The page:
Thermometers: How to Take your Temperature
How to use a digital thermometer?
A digital thermometer can be used three different ways. These include:
- Oral: For this method, the thermometer is placed under the tongue. This method is used for adults and children 4 and over who are able to hold thermometer in mouth.
- Rectal: For this method, the thermometer is inserted gently into the rectum. This is mostly done in babies but can used in children up to 3 years of age. You can take rectal temperatures in children older than 3 years, but it might be difficult to keep them as still as they need to stay.
- Axillary: For this method, the thermometer is placed in the armpit for young children or adults whose temperature can’t safely be done orally. This method is not as accurate as oral or rectal but can be used as a quick first check. You can follow this with an oral or rectal reading.
Other types of thermometers (young children and adults):
Tympanic (ear): This type of thermometer measures the temperature inside of the ear by reading the infrared heat there. For best results, make sure to follow the instructions on the device about placing the tip correctly. For older babies and children, ear thermometers can be quicker and easier to use. However, they are not recommended if your baby is three months old or younger. They should not be used if your child has too much earwax, or if they have an earache.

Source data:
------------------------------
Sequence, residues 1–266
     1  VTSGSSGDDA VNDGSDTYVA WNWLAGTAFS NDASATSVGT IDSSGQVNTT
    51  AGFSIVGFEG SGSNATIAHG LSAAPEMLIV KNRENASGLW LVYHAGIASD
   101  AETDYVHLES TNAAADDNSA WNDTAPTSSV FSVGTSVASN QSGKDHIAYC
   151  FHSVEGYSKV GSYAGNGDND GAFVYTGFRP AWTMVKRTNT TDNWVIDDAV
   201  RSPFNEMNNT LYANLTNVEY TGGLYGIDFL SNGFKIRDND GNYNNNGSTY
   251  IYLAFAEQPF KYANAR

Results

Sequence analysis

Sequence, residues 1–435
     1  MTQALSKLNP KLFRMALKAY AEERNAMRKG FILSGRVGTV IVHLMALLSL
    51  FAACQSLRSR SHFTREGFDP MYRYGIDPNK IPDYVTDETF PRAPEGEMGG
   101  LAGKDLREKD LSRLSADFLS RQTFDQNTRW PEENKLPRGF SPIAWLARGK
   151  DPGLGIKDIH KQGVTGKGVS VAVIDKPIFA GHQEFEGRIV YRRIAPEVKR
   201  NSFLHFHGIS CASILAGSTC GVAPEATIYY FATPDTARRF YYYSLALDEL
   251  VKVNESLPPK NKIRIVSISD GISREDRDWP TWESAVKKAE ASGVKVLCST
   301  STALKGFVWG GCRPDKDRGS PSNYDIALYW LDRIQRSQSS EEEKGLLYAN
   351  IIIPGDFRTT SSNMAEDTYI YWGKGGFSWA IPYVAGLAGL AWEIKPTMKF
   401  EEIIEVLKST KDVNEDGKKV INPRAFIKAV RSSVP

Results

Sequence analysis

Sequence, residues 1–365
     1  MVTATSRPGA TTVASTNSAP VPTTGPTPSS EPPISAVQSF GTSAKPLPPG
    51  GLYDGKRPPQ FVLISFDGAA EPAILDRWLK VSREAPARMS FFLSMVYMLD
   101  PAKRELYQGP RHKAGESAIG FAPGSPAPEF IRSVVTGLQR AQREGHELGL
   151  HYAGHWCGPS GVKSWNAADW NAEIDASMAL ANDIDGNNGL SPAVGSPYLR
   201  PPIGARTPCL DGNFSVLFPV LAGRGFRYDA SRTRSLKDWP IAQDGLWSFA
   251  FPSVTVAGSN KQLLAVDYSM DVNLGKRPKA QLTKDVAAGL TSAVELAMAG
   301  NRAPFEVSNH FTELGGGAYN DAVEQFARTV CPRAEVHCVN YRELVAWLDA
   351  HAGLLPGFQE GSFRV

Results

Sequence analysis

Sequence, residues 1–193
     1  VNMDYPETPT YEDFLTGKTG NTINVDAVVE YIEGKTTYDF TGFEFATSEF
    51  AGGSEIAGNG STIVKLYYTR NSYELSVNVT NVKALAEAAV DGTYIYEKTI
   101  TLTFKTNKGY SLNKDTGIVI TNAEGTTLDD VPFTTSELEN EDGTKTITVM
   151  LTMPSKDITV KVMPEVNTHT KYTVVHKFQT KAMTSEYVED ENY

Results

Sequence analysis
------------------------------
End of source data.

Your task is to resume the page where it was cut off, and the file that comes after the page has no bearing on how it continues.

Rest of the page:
Ear (tympanic) thermometer
Temporal artery (forehead): Forehead thermometers are also used to measure temperature, but may not be as reliable as the digital thermometers and are usually more expensive. They are placed on the temporal artery of the forehead and measure the infrared heat that comes off of the head.
Forehead (temporal artery) thermometer
What types of thermometers aren’t recommended?
Some thermometers aren’t recommended due to their inaccuracy.
- Plastic strip thermometers only measure the skin temperature.
- Pacifier thermometers are not precise and are difficult to use correctly because they have to stay in the child’s mouth for long enough to record a temperature.
- Smartphone app thermometers.